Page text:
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Hyper-V Guest OS newer than Host OS

Posted on 2014-01-02
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Last Modified: 2014-11-12
Our domain has a server running Windows Server 2008 Standard.  I need to create a Virtual Machine on this box that will be running Windows Server 2008 Standard R2.

I would ordinarily update the Host OS, but this server is being accessed for data from over 100 end users.  I cannot shut down the server; hence, the need to create a VM while the Host machine is still being accessed by those end users.

Is there a problem with having a newer Guest OS than the Host OS?
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Question by:baleman2
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8 Comments
 
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Expert Comment

by:Experienced Member
ID: 39752689
I am not certain about Hyper-V, but for VMware, it is absolutely possible to use a newer guest than host. I have done that.  Hyper-V should work because the guest is just a machine.

.... Thinkpads_User
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Expert Comment

by:Cliff Galiher
ID: 39752723
There are indeed problems because of how Hyper-V handles device drivers and integration. Updating the host OS is really no different than any other maintenance task that requires interruption. Most OS and product patches require that various services be taken offline during the entire patch installation, and also require a reboot. How do you handle those? For services that truly need high availability, they are often deployed in farms or clusters so that an individual member can be taken offline and upgraded. This addresses almost all situations, patching, upgrades, unplanned failures, where the tolerance for interruption is very low. Hyper-V fully supports clustering and live migrations.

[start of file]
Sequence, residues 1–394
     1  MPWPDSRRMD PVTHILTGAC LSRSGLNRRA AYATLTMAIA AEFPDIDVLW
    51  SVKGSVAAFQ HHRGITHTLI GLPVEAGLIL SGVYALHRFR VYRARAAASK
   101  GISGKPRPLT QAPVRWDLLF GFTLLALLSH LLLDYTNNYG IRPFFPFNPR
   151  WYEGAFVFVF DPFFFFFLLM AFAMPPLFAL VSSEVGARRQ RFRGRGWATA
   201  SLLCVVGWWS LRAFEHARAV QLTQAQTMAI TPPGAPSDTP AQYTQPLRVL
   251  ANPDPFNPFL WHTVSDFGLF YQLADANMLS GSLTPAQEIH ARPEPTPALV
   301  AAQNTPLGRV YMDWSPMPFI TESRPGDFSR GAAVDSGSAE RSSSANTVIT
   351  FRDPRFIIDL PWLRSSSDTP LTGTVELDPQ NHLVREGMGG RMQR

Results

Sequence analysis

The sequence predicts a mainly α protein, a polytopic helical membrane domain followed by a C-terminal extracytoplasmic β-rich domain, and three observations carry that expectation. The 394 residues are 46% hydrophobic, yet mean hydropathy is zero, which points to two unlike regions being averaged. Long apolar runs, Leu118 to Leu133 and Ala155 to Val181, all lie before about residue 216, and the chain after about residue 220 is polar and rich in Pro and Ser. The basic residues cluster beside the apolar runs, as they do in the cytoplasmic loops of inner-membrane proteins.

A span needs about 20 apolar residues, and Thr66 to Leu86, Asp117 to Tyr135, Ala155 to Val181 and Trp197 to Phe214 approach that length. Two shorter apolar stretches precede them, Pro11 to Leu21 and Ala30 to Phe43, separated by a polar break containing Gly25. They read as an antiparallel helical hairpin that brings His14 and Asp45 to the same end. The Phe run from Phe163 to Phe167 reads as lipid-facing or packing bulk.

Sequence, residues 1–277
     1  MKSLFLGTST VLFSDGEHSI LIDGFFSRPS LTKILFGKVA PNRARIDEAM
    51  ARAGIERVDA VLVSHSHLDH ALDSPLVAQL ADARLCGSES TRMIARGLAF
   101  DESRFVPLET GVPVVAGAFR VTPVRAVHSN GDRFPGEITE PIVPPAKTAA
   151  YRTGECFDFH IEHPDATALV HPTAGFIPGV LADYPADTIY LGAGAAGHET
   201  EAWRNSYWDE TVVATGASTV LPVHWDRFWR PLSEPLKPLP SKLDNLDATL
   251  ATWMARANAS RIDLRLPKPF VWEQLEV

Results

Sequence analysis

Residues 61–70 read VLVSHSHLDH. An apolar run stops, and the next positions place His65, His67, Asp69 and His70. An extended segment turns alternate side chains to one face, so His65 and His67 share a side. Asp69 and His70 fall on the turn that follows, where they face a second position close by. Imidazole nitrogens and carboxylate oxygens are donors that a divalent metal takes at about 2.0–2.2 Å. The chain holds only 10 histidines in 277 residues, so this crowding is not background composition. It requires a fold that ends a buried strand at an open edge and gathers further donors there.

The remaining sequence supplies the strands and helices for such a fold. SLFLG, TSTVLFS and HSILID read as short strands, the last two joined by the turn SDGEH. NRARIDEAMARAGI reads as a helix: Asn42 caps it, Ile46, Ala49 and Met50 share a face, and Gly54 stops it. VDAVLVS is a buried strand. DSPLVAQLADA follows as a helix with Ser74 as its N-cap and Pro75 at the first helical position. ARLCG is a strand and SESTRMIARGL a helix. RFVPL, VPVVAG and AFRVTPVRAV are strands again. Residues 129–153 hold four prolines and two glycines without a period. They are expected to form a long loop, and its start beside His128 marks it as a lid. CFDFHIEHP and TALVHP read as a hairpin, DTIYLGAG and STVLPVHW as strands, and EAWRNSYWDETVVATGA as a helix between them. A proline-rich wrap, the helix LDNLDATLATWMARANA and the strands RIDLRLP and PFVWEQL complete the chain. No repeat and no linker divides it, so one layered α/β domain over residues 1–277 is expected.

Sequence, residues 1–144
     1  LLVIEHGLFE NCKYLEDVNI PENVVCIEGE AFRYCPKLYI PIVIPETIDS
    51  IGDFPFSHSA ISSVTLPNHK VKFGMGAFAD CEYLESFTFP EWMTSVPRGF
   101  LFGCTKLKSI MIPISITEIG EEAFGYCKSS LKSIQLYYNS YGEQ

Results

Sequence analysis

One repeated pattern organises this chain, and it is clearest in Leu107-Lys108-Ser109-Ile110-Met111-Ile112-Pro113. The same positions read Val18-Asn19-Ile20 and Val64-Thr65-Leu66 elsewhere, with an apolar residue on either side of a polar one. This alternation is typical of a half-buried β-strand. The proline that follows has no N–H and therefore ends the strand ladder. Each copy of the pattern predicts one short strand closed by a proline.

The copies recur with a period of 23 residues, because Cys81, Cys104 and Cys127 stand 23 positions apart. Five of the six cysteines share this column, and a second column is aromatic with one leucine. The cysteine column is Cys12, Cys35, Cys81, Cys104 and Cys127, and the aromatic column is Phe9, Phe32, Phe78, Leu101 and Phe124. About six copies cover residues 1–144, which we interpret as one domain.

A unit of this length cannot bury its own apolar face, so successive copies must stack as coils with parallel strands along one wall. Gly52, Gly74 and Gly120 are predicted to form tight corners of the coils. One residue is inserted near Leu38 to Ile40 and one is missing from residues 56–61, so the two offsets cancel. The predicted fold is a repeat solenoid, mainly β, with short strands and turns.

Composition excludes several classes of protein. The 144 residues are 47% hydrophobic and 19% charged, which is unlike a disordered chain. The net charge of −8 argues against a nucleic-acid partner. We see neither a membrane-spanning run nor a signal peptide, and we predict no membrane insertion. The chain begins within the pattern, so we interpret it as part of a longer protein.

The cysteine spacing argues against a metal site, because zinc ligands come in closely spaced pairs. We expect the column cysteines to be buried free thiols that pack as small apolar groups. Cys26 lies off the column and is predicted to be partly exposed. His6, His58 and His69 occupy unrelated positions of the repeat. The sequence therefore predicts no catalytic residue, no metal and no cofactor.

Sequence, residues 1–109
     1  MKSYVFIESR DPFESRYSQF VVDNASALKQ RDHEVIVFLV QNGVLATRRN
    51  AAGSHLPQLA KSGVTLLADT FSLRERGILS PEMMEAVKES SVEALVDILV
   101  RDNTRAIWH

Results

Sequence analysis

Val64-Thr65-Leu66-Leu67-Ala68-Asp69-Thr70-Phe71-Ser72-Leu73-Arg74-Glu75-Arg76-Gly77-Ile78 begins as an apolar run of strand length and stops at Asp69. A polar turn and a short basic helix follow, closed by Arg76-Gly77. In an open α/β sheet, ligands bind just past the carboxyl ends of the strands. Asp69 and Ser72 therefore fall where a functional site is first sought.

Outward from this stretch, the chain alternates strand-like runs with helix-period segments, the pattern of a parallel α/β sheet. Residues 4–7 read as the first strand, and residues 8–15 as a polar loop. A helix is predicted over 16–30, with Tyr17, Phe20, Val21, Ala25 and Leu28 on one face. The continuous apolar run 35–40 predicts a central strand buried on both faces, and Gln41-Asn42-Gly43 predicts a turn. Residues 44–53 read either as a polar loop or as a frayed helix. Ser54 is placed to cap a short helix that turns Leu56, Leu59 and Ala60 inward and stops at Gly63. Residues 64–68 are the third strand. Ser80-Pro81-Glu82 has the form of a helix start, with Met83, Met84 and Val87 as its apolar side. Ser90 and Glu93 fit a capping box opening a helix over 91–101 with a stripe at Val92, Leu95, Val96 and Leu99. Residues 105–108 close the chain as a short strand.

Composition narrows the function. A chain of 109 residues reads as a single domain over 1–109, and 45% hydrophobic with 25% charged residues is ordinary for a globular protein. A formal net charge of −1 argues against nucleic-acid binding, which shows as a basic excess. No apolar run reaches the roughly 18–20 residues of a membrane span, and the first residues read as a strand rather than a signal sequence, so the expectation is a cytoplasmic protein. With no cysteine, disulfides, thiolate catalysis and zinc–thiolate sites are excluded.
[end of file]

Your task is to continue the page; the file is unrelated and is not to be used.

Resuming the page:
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Author Comment

by:baleman2
ID: 39752738
To cgaliher:

Doesn't a move from "Standard" to "Standard R2" mean that the server is wiped clean and the OS is installed as though on a new server.  Installation of "R2" isn't the same as installing Windows updates, is it?
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LVL 97

Expert Comment

by:Experienced Member
ID: 39752745
Any Windows host requires maintenance and occasional restart (meaning guest systems have to be shut down). This is the same for VMware Workstation and Server and is independent of guest.

If you want a host that stays up, then consider an VMware ESX host. That will be a better choice if the guests cannot be shutdown except rarely.

... Thinkpads_User
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Cliff Galiher earned 2000 total points
ID: 39752757
The OS does indeed need to be wiped clean to go from 2008 to 2008 R2.

But hyper-v should NEVER be run alongside other roles. So enabling hyper-v on a machine where clients are accessing data would be very bad.

If this data resides in a VM and hyper-v already is on, just move the VM to a new machine for the duration of the host upgrade.

Regardless, hyper-v should run alone, and the guest should always be the same version or older; never newer.
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Author Comment

by:baleman2
ID: 39752765
I don't want a Host that has to stay up indefinitely.  I understand the need for updating the Host which means shutting down the VM while updates are installed.

I want this box to stay up and running while I create a VM on it - while simultaneously satisfying (no latency) the requests of 100 domain users.  The VM must have 2008 Server R2 on it while the box just has 2008 Standard (no R2).

After the VM has been created, I intend to allocate 90 percent of the box's resources (hard drive space and Ram memory) to the newly created VM.  The 100 domain users would then begin to access the VM instead of the software on the box itself.
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LVL 59

Expert Comment

by:Cliff Galiher
ID: 39752774
Well, as I said, you'll have issues running 2008 R2 as a guest on a 2008 (non r2) host. So while that probably sounded like a great plan, you'll want to go back to the drawing board and come up with a new upgrade strategy.
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LVL 97

Expert Comment

by:Experienced Member
ID: 39752777
You can consider VMware Server, but performance will not be as good as VMware ESX or Hyper-V.

With VMware ESX you can run any server on the guest compatibility list.  This is true for VMware Server as well.

... Thinkpads_User
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